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Guidelines For Creating Ads Using AI – New Technology – United States



Generative artificial intelligence (AI) can be a powerful tool
to create and enhance advertising campaigns, but it is important to
ensure that the ads are legally compliant. Generative AI, a type of
AI that can create new content, including text, images, video,
audio, code and simulations, has become increasingly popular for
use in many industries, including advertising. However, there are a
myriad of legal issues that can arise when using AI to create

Many advertisers, advertising agencies and public relations
firms are now using AI chatbots such as OpenAI’s ChatGPT,
Microsoft’s new Bing search engine and Google’s new Bard
chatbot to brainstorm ideas for ads and advertising campaigns.
Using AI merely to help brainstorm new ideas presents some legal
risks. However, using AI to create ads, either in whole or in part,
presents numerous legal risks.

Here are some guidelines to follow when creating ads using AI to
help reduce some of the legal risks.

1. Document the creative process used to create ads when using

Under recently published guidance by the U.S. Copyright Office, works
created with the assistance of AI may be copyrightable as long as
they involve sufficient human authorship. The Copyright Office has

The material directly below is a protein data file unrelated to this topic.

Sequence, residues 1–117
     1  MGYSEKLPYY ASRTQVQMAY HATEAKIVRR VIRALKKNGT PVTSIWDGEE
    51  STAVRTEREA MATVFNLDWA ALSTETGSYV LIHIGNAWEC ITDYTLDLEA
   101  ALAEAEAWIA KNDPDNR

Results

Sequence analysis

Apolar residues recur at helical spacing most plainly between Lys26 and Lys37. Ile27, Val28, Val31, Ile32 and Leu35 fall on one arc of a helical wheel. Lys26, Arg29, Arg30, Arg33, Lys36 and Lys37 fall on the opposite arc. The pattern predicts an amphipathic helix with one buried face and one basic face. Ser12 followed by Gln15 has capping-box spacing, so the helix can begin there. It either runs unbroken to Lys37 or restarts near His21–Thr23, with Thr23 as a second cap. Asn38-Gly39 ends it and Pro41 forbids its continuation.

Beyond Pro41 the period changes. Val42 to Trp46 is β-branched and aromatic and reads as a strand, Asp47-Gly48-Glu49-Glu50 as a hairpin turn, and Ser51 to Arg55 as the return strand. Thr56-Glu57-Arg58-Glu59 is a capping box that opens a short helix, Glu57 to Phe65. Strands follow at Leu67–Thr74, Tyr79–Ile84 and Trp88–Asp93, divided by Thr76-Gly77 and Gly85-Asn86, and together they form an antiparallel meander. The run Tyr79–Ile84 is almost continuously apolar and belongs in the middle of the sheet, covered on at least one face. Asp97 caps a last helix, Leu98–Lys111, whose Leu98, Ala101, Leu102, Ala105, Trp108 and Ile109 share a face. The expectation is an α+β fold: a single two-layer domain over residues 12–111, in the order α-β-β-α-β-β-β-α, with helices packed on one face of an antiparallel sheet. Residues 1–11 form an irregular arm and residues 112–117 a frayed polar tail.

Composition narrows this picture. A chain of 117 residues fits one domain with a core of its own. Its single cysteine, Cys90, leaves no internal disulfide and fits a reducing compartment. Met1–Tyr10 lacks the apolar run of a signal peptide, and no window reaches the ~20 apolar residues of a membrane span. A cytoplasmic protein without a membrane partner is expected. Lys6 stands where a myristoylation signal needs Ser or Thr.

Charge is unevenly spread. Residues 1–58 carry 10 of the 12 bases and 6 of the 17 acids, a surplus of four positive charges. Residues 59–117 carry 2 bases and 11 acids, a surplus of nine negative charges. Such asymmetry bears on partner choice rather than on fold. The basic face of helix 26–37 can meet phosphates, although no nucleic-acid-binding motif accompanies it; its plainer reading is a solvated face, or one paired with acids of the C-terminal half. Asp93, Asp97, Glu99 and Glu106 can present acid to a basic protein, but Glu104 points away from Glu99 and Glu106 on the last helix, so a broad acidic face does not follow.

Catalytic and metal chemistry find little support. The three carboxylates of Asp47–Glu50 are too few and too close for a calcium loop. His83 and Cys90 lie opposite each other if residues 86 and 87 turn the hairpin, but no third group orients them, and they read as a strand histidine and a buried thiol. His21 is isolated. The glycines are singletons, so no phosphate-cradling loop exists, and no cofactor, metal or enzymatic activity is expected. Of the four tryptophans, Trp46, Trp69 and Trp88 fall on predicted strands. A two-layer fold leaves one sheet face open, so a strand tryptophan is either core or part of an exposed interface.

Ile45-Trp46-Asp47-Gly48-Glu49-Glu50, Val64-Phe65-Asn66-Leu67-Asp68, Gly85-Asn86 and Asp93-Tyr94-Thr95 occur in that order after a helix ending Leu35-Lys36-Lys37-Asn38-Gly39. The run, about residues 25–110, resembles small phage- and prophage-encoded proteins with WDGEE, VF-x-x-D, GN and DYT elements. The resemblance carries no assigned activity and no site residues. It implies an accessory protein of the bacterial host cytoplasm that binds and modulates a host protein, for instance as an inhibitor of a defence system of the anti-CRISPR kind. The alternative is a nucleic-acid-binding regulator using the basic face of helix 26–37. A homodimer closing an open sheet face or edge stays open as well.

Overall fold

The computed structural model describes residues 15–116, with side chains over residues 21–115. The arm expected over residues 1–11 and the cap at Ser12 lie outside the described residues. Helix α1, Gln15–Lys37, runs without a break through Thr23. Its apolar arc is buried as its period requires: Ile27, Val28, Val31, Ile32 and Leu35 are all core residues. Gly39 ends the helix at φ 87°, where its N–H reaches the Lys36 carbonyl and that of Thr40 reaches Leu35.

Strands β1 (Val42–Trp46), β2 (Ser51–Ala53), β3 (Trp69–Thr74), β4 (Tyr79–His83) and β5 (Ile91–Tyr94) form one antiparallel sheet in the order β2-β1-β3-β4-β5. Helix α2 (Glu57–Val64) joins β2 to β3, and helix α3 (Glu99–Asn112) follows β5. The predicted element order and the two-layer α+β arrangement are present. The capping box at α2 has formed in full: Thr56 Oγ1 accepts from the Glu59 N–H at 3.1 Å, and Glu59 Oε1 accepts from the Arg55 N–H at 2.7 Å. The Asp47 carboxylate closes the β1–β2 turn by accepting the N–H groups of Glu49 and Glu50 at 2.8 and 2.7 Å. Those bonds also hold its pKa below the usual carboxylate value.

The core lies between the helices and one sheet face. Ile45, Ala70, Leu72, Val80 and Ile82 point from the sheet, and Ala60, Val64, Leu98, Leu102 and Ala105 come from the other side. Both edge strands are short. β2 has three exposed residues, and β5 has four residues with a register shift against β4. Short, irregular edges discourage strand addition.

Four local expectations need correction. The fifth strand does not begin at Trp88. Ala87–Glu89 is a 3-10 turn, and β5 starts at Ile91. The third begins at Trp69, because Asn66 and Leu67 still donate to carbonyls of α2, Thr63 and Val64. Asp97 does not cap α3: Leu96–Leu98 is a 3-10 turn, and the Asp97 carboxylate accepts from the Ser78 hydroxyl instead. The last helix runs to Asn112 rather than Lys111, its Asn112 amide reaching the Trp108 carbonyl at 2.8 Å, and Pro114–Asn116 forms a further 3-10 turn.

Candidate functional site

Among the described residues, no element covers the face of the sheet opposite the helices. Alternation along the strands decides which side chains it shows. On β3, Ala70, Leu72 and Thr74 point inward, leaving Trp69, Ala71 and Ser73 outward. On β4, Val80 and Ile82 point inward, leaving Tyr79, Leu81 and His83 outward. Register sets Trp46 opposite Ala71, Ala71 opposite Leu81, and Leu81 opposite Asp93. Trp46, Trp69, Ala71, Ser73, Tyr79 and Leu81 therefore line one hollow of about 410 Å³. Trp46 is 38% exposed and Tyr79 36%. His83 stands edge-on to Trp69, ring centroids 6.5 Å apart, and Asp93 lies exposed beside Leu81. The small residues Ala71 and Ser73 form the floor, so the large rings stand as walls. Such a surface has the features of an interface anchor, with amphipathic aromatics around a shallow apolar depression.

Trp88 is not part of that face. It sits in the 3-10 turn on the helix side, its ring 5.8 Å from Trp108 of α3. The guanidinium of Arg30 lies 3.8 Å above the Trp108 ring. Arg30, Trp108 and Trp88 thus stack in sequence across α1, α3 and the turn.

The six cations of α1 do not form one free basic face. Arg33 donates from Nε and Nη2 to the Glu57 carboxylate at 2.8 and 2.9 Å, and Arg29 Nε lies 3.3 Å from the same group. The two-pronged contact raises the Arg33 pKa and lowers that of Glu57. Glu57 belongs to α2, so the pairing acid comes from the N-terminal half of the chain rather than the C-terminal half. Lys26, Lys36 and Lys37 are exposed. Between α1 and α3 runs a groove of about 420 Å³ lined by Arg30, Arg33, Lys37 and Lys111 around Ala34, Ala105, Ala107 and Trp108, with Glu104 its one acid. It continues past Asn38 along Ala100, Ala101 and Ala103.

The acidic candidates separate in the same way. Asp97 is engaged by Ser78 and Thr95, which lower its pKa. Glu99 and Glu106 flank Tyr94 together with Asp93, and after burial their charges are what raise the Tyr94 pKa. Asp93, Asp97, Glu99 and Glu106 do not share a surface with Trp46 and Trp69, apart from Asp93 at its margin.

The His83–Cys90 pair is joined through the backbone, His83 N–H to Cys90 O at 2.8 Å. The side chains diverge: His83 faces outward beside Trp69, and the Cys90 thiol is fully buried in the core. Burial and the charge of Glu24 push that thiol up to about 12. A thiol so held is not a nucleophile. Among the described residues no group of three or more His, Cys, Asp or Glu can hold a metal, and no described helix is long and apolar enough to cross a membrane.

stated that “it is well-established that copyright can protect
only material that is the product of human creativity.”
According to the policy statement, works created by AI without
human involvement cannot be copyrighted because they do not meet
the human authorship requirement. “When an AI technology
receives solely a prompt from a human and produces complex written,
visual, or musical works in response, the ‘traditional elements
of authorship’ are determined and executed by the
technology—not the human user.” However, a work
containing AI-generated material may be copyrightable, such as when
a human selects or arranges “AI-generated material in a
sufficiently creative way that ‘the resulting work as a whole
constitutes an original work of authorship.'”

Therefore, advertising that is created solely by AI is not
entitled to copyright protection in the United States. There must
be sufficient human involvement, which should be documented. A best
practice is to document how the advertising was created, such as by
saving the history of the prompts used, subsequent steps taken to
modify the prompts, steps taken to modify the output, and other
ways in which the advertising was created.

Copyright protection for advertising created with AI varies by
country. In the United Kingdom (UK), advertising and other works
created solely by a computer can be protected. The UK Intellectual
Property Office has stated that “computer-generated works
without a human author . . . are currently protected in the UK for